It is more likely that an individual’s name will be personal data where the name appears together with other information about the named individual such as address, telephone number or information regarding the individual’s hobby. The Information Commissioner has suggested that the following examples will fall within the definition of personal data;

  • Information about the medical history of an individual;
  • An individual’s salary details;
  • Information concerning an individual’s tax liability;
  • Information comprising an individual’s bank statements; and
  • Information about an individual’s spending preferences.

The above may be contrasted with the following examples of information which would not normally be personal data:

  • A reference to an individual’s name where the name is not associated with any other personal information;
  • Incidental mention in the minutes of a business meeting of an individual’s attendance at that meeting in an official capacity; or
  • Where an individual’s name appears on a document or email indicating only that it has been sent or copied to that particular individual, the content of that document or email does not amount to personal data about the individual unless there is other information about the individual within it.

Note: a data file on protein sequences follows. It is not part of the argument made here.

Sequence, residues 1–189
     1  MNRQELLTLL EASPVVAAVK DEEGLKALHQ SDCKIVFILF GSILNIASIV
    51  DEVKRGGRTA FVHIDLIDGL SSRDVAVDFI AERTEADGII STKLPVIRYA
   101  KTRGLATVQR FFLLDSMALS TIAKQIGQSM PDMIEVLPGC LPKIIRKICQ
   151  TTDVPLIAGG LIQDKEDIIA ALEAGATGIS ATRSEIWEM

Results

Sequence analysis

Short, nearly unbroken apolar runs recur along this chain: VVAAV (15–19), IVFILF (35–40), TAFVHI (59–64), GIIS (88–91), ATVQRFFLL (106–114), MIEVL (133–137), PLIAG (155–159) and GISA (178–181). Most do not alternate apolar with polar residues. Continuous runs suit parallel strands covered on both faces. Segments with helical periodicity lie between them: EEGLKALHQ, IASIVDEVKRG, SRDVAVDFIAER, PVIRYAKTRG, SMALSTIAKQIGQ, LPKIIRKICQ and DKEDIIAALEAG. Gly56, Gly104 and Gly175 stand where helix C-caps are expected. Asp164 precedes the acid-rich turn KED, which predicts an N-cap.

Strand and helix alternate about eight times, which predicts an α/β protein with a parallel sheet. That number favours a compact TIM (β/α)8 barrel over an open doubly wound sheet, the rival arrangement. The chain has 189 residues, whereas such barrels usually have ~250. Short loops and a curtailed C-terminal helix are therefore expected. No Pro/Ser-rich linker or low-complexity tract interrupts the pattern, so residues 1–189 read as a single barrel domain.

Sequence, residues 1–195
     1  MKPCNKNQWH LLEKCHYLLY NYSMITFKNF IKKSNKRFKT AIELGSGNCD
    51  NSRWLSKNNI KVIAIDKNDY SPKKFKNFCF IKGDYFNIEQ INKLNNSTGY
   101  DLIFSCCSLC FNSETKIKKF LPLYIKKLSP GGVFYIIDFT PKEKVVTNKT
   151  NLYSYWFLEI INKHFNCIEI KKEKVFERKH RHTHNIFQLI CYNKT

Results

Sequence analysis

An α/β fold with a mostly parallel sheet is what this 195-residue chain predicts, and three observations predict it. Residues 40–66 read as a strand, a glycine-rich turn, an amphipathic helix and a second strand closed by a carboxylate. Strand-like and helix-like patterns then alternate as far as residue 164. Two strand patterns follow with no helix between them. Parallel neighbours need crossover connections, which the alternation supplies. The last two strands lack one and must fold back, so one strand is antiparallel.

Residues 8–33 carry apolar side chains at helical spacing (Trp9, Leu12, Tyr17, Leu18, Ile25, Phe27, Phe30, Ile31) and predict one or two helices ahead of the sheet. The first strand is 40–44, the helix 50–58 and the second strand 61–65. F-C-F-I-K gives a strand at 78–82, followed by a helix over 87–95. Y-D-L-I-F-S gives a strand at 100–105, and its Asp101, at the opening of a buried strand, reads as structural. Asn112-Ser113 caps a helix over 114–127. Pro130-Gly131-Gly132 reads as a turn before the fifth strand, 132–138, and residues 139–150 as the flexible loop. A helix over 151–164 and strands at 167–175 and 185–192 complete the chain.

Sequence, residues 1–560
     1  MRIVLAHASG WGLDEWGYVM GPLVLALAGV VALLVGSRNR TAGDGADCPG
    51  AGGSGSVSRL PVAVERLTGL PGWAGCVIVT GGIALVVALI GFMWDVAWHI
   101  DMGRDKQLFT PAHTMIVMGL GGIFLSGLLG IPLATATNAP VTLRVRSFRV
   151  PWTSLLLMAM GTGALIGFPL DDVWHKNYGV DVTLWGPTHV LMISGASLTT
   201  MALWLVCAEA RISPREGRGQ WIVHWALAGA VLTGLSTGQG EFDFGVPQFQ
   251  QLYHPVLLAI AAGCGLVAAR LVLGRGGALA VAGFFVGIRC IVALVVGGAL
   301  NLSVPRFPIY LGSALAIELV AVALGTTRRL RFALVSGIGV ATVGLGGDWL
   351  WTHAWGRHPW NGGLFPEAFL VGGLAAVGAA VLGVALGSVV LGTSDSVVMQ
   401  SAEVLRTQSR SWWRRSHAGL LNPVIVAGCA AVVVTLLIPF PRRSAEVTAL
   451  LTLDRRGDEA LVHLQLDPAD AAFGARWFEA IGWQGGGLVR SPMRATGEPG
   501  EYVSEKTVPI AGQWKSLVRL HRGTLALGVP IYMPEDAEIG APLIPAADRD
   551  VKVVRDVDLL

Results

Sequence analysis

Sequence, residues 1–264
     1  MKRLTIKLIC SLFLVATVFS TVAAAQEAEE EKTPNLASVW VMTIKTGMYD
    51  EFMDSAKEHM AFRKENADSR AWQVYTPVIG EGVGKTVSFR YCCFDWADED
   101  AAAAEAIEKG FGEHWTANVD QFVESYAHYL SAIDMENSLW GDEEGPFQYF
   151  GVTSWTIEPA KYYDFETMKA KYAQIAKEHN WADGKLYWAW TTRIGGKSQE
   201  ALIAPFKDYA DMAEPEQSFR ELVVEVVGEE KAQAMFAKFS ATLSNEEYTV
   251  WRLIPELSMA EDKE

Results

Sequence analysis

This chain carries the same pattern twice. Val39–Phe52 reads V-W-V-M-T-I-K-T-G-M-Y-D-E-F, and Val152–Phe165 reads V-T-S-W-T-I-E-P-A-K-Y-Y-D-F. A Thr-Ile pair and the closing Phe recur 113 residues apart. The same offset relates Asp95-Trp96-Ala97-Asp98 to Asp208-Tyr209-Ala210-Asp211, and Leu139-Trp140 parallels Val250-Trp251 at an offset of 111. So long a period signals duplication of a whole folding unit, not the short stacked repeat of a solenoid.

The second issue is what is meant by a "relevant filing system"?

In the Durant case the Court concluded that a relevant filing system for the purposes of the Data Protection Act is limited to a system:

  • in which the files forming part of it are structured or referenced in such a way as to clearly indicate at the outset of the search whether specific information capable of amounting to personal data of an individual requesting it under Section 7 is held within the system and, if so, in which file or files it is held; and
  • which has, as part of its own structure or references mechanism, a sufficiently sophisticated and detailed means of readily indicating whether and where in an individual file or files specific to criteria or information about the individual can be readily located.

For example, if your employee, Trevor Green, requests details of the leave he has taken in the last six months, and such records are not computerised, but kept in a manual file called "Trevor Green" and which contains a number of documents which are filed in chronological order but regardless of subject matter, then this would not amount to a relevant filing system.